Sci-Fi Tropes #2: Time Travel

Sci-Fi Tropes #2: Time Travel

If my calculations are correct, when this baby hits 88 miles per hour... you’re gonna see some serious shit.
— Back to the Future

If there was any particular question that I’d say defines most of the science fiction genre, regardless of audience, it is this simple, yet profound combination of two words:

“What if?”

Whether it takes place in some near-future dystopia, a slightly altered past, or a far-future fantastical world, many writers tend to start with analyzing the normal - our world or our history - and think about possibilities that could have been - or will be. Science fiction is an amazing genre because of how grounded a lot of it can be.

That said, do you know what’s more fun than having a set of characters in an altered historical past or far future setting? Having a set of characters visit both over the course of a novel.

The most important thing I learned on Tralfamadore was that when a person dies he only appears to die. He is still very much alive in the past, so it is very silly for people to cry at his funeral. All moments, past, present and future, always have existed, always will exist.
— Slaughterhouse-Five, Kurt Vonnegut

Time travel is one of my favorite sci-fi tropes - has been since I was a young boy. The idea that one had the means to travel backwards in time and manipulate the past - or jump into the future and see a world that one may not live long enough to see normally - is a really fun concept. On top of that, it’s an idea that transcends science fiction altogether when you look at the history of time travel as a concept.

When you think about it, people giving time travel any amount of thought makes a lot of sense. In fact, you can find allusions to time travel in many ancient stories. One example is the Japanese story of Urashima Tarō, written in 715AD. In summary, a fisherman saves a turtle from a group of playful children. As a reward, the turtle brought the fisherman to an underwater palace where a princess entertained him for several days. When he returned to the surface, he realized that hundreds of years had passed.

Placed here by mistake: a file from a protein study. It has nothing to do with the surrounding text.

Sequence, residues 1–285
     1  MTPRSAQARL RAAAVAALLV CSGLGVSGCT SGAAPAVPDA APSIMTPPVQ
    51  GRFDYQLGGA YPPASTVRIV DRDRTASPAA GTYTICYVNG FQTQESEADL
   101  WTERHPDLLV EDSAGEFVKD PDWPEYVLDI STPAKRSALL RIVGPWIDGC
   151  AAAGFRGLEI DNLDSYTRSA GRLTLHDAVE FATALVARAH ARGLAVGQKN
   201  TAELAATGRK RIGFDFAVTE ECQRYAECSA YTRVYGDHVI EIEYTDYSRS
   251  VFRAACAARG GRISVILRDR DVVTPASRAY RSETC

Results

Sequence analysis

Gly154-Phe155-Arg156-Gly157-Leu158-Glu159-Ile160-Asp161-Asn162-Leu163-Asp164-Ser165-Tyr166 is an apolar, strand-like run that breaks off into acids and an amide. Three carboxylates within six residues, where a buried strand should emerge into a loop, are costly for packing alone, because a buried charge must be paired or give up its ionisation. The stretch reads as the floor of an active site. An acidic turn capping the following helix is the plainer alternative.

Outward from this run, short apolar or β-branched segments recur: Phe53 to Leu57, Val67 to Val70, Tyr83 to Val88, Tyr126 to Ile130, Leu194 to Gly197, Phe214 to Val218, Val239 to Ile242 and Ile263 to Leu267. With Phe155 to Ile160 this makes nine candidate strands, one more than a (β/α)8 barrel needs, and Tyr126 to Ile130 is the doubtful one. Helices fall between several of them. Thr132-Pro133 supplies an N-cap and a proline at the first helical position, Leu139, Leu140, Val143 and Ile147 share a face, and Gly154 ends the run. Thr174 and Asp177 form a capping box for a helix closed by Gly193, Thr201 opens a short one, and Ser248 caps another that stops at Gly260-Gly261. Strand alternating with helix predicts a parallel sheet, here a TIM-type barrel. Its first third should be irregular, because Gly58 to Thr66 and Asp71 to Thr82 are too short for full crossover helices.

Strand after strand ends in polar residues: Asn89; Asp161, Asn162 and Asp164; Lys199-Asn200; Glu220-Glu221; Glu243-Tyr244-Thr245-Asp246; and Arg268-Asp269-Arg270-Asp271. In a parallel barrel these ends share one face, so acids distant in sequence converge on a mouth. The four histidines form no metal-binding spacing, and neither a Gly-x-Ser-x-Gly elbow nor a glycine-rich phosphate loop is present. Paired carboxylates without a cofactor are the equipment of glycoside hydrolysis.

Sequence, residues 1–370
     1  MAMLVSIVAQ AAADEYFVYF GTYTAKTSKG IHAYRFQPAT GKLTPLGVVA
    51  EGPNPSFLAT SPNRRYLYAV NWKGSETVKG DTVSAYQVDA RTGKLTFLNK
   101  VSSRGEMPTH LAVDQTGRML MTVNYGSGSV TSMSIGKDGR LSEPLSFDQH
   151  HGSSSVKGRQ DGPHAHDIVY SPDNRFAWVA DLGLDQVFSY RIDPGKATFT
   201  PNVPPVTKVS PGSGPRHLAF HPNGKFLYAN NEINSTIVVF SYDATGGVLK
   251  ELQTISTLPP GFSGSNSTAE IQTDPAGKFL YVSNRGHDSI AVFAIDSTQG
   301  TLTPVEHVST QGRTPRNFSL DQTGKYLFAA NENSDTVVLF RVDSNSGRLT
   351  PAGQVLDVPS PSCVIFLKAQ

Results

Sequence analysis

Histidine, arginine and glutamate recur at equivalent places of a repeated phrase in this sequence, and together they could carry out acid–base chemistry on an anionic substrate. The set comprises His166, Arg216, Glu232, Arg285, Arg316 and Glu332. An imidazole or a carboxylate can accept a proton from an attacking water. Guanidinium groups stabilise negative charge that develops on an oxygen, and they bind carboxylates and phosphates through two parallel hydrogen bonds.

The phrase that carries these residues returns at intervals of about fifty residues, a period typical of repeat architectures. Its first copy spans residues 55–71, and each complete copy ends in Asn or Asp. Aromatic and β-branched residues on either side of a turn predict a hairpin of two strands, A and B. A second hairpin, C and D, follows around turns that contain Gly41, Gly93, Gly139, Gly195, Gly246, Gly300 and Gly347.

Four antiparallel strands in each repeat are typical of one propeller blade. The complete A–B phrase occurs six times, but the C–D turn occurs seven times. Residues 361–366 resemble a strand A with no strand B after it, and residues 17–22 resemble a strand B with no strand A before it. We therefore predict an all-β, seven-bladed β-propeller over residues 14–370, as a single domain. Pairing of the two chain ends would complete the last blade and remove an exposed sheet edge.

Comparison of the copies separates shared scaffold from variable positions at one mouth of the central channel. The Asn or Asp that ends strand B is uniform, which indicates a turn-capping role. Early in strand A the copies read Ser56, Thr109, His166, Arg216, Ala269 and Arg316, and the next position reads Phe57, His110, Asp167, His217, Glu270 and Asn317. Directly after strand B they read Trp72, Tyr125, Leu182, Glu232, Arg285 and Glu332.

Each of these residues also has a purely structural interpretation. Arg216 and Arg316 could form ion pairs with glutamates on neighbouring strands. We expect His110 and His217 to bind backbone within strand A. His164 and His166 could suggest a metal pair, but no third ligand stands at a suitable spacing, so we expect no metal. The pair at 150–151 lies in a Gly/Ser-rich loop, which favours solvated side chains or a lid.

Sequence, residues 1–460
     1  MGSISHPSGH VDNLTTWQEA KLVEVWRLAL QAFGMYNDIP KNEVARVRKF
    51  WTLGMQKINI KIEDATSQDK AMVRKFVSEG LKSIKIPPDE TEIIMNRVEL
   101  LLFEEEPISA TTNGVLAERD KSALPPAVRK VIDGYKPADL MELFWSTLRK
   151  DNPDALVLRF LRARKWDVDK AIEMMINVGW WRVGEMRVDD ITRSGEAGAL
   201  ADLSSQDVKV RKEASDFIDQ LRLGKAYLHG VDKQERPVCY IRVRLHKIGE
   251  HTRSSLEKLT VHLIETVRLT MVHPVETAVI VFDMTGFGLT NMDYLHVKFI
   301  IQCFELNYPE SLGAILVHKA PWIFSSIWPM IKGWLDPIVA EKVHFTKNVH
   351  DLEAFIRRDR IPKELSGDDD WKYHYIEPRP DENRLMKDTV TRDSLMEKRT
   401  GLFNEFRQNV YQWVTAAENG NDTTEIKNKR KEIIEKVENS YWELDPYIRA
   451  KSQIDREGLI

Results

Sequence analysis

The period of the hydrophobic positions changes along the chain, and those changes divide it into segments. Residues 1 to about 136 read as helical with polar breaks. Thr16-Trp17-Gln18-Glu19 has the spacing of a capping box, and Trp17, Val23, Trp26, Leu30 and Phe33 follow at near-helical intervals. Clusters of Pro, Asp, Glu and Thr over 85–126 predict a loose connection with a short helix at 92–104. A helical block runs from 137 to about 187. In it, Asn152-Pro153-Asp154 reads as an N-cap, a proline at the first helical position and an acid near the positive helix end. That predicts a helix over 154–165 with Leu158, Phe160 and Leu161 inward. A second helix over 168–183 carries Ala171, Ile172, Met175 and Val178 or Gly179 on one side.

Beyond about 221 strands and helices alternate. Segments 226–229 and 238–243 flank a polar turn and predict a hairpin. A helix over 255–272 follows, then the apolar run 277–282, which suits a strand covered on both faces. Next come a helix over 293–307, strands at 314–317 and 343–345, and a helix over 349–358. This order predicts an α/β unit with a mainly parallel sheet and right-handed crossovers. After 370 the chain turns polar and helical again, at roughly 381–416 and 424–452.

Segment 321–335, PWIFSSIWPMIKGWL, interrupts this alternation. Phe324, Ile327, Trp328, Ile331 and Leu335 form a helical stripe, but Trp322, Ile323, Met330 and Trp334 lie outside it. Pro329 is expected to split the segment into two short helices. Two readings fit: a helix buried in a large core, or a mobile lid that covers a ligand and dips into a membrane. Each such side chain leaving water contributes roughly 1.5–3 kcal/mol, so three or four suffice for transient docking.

One of the most well-known time-travel stories is Rip Van Winkle, written in 1819. I honestly don’t recall why this was so commonly shared in elementary school - I suppose it was part of the standard curriculum. In any event, it’s a story about a villager that, in the years prior to the Revolutionary War, drinks with some mysterious fellows and falls asleep soon after. When he awakes, at least twenty years passed.

And for my last example (there are a LOT) I present A Christmas Carol, published in 1843, a popular story in which Ebenezer Scrooge travels into the past and into the future thanks to the ghosts of Christmas Past and Christmas Yet to Come (Future).

If I wanted to, I could make this post nothing but a laundry list of books that are 1) well-known and 2) have time travel as their central plot device, but then we’d be here for awhile. There are that many examples.

The machines rose from the ashes of the nuclear fire. Their war to exterminate mankind had raged for decades, but the final battle would not be fought in the future. It would be fought here, in our present. Tonight...
— The Terminator

After giving it some thought, there are two ways to tackle the subject of time travel tropes: The methods by which the time travelling is done, and the reasons for time travelling.

Time Travel Methods

  • Sleeping. We’ve seen this example a few times already, but in general this was one of the more common forms of time travel before the use of time machines. Rip Van Wrinkle is the best example of this in action, where you fall asleep in one time period (the present) and you wake up at some point in the future. Branching off of this is the concept of traveling through time through your dreams, where you are able to glimpse or literally travel to the future while asleep - and then when you wake up you retain all knowledge of what you’ve done during that jump through time.